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Minibull Designs Pocket Puck

in Stoves - Alcohol

Average Rating
3.00 / 5 (4 reviews)

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Hector Agdeppa
( flipside72 )
Minibull Designs Pocket Puck on 10/02/2005 17:00:31 MDT Report Post Print

Rating: 1 / 5

This particular alcohol stove looked appealing to me because of its size and its purported stability. I suppose it would be more stable because it's not as tall as traditional open jet, side-burner alcohol stoves, but unfortunately, every time I put a pot on top of the stove, the flames go out after a few seconds. Don't understand why - from its description on, the only difference between this and other sideburner stoves is its height. Regardless it doesn't work and to make matters worse, alcohol "collects" on the bottom of the pot somehow and when I put it back on to the stove after re-lighting it, the bottom of the pot caught fire as well! (I don't know if there was some vaccuum effect after from the pot putting out the flame the first time)
tinny--got a stove that works?

Update: Even prior to posting this review, I tried giving it time to heat up - more than 15 seconds. I did figure that putting a cool pot on top of the stove would draw the heat up/away and could lead to the flames extinguishing, but again, it doesn't help here. I've made other side-burning open jet stoves without this problem.

Edited by flipside72 on 10/18/2005 08:31:46 MDT.

Ryan Faulkner
( ryanf )

Mid atlantic, No. Cal
my version of the pocket puck on 10/06/2005 13:16:03 MDT Report Post Print

Rating: 3 / 5

I did not purchase a pocket puck from mini bull design, but from looking at pictures and from expeience from making other stoves I made my own flattened side burner stove. I like the overall design, weight, and efficiency of the stove but had a similar problem as Hector, so what I did was add a primming cup as well as wait an extra 15-30 seconds so the stove could warm up then I got it to work. Great stove, but I like to use my elite because of the size and weight savings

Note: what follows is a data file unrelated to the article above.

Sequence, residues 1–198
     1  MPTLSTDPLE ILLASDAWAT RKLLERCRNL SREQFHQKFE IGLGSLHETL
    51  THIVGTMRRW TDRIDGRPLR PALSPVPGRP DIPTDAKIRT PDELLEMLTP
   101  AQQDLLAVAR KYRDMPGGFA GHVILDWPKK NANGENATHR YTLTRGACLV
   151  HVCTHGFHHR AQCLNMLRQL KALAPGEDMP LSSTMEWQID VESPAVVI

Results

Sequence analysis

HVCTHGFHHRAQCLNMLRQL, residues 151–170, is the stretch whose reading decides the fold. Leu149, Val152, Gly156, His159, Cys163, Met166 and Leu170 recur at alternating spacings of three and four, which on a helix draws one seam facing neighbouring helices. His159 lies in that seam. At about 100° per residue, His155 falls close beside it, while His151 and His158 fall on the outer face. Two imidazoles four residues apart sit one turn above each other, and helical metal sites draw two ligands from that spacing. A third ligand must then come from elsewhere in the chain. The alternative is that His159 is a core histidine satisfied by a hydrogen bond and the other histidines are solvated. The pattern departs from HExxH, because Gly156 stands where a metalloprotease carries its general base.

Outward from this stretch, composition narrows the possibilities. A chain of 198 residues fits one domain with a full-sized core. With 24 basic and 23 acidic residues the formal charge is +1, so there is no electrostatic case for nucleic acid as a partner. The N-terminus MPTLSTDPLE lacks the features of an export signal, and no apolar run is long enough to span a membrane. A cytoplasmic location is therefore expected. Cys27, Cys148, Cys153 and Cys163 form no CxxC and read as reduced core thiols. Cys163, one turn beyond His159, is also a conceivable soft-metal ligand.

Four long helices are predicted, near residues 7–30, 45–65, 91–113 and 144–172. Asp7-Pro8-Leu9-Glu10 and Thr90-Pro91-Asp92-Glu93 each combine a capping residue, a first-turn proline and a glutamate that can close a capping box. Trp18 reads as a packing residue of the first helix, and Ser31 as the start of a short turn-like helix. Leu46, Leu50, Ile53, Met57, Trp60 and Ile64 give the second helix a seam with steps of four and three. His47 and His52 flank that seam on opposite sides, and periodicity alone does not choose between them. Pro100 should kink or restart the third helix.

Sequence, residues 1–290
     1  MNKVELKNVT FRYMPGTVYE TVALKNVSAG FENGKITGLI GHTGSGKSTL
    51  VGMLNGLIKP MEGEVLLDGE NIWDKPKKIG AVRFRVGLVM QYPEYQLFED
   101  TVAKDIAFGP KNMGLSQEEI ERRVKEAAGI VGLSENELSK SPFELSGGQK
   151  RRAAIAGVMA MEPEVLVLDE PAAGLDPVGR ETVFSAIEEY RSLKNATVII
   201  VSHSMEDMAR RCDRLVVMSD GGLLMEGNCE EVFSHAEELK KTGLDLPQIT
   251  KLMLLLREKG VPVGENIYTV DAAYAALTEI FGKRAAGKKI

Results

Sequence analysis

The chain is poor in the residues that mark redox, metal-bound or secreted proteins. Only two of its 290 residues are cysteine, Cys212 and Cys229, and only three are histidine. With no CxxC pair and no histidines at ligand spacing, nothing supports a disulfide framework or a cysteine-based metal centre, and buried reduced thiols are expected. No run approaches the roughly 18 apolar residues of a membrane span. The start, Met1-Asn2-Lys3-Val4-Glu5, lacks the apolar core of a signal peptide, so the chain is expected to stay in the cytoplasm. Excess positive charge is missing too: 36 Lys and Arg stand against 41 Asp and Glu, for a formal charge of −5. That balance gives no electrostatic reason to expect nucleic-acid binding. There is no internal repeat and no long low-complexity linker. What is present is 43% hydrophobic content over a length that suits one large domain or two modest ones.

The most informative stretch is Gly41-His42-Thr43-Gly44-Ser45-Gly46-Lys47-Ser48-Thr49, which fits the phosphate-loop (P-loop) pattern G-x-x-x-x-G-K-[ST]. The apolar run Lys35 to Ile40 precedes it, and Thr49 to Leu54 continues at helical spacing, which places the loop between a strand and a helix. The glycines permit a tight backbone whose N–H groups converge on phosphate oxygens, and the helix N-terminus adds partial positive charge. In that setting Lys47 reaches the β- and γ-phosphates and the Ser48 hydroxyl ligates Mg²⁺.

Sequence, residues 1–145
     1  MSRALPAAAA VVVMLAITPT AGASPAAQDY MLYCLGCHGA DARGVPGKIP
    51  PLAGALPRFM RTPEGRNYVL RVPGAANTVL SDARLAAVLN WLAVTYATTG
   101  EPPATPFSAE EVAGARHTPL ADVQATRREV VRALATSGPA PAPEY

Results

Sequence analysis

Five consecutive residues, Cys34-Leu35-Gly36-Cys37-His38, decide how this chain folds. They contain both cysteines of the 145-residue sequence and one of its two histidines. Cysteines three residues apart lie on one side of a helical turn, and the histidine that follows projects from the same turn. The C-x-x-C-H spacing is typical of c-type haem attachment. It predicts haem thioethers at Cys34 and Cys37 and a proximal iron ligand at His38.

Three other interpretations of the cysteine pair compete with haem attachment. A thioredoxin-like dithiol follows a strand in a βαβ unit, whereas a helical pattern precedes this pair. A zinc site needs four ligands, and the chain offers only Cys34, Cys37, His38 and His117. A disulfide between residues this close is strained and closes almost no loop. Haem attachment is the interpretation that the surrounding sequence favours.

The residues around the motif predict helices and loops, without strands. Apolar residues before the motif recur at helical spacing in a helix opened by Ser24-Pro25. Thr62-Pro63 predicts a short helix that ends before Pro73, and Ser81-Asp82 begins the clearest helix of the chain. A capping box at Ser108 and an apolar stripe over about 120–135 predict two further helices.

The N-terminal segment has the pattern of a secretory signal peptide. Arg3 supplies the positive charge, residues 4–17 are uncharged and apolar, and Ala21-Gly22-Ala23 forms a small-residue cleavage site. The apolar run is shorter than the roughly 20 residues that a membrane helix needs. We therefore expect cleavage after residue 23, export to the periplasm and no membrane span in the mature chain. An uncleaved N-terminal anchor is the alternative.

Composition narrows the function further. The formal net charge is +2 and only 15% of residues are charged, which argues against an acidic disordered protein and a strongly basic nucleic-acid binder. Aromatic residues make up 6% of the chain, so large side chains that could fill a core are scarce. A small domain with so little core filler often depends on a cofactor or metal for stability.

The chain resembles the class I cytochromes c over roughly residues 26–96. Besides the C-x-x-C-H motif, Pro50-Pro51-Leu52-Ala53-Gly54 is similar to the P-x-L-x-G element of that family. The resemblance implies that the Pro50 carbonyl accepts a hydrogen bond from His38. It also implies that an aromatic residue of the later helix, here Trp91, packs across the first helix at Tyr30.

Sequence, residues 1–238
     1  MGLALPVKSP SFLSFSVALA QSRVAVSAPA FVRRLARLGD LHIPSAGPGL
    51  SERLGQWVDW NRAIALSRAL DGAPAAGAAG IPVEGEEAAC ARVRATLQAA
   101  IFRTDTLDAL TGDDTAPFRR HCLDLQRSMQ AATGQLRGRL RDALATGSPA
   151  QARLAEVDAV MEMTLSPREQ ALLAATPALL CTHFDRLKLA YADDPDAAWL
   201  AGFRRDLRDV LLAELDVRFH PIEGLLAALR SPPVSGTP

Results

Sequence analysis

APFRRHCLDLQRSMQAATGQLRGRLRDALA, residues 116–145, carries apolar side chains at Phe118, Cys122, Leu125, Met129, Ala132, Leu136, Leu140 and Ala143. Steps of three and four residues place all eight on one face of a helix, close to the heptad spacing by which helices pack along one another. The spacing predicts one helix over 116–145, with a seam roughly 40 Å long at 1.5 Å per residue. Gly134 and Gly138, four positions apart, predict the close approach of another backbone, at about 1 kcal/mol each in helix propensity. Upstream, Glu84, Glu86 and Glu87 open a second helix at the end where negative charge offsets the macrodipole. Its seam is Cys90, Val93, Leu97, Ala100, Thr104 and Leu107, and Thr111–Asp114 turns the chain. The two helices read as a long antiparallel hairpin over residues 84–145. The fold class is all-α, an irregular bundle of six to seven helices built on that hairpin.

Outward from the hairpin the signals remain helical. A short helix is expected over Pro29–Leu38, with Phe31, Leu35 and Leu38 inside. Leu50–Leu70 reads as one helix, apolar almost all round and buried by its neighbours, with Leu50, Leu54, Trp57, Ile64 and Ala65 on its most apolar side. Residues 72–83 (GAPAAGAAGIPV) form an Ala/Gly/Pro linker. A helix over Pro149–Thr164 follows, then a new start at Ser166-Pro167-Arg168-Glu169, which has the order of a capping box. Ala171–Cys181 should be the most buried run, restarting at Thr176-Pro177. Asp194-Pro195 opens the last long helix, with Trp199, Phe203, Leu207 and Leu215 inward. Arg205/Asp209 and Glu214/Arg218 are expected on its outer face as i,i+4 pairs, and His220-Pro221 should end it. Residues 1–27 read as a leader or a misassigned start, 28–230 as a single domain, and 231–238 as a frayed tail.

Edited by ryanf on 10/06/2005 15:04:35 MDT.

Jim Colten
( jcolten - M )

give pocket puck a little more time to warm up on 10/16/2005 06:04:03 MDT Report Post Print

Rating: 4 / 5


I had similar experience .... but only the first time I lit it. Since then I've been giving the pocket puck about 15-30 seconds more warmup time and it has always stayed lit.

There is a similar thread over on the "Forums" side of the house discussing this and my experience seems to match what's said there.

Conditions for my pocket puck use have been:
* before sunrise
* little or no wind
* temps 40-42 F
* water, pots, stove, fuel sitting out all night so probably same temp as the air
* 5 inch diameter aluminum pot containing 16oz water
* windscreen provided by Tinny ...... approx 2.5-3 inches tall

When the flames first appear from the jets they are < 1/2 inch long ... place a cold pot of water on at this time and the stove goes out.

If I wait 15 seconds longer the flames from the jets are more than an inch long and the entire flame complex is approx 6-8 inches tall. Place the pot on now and the jet flames shrink but it stays lit.

The jet flames grow again with time.

Alcohol flames are almost invisible in sunlight ... this is easier to observe in low light conditions.

I'm pretty sure that what is happening is that the cold pot of water quickly draws heat from the stove and cools it enough to slow the fuel evaporation to a point where it goes out. Giving it more time to heat up provides a little more reserve energy to keep it going.

The flame growth thru time after placing the pot can be explained by the water warming and slowing the pot's draw of heat from the stove at it's contact points.

I believe that this characteristic would be shared by any alcohol stove designed to be in physical contact with the pot.

Edited by jcolten on 10/16/2005 06:07:54 MDT.

evan parsons
( freestyleparsons )

Dowtown LA
My first Alcohol stove, and I think it was a good choice on 02/27/2007 13:15:33 MST Report Post Print

Rating: 4 / 5

This is my first professionally built alcohol stove, and it has performed far better than any I have built.

It is very light and quite efficient. I have been able to boil 2 cups of water on about 0.7 oz of alcohol. Using cold water with ice in it to simulate outdoor cold conditions. I haven't actuall had a chance to take it into the feild though.

I use it with a foil screen.

It is dificult, though, to get a strong boil going, although I don't feel that that is necesary. The water get burning hot and steamy and has little boil bubbles in it.

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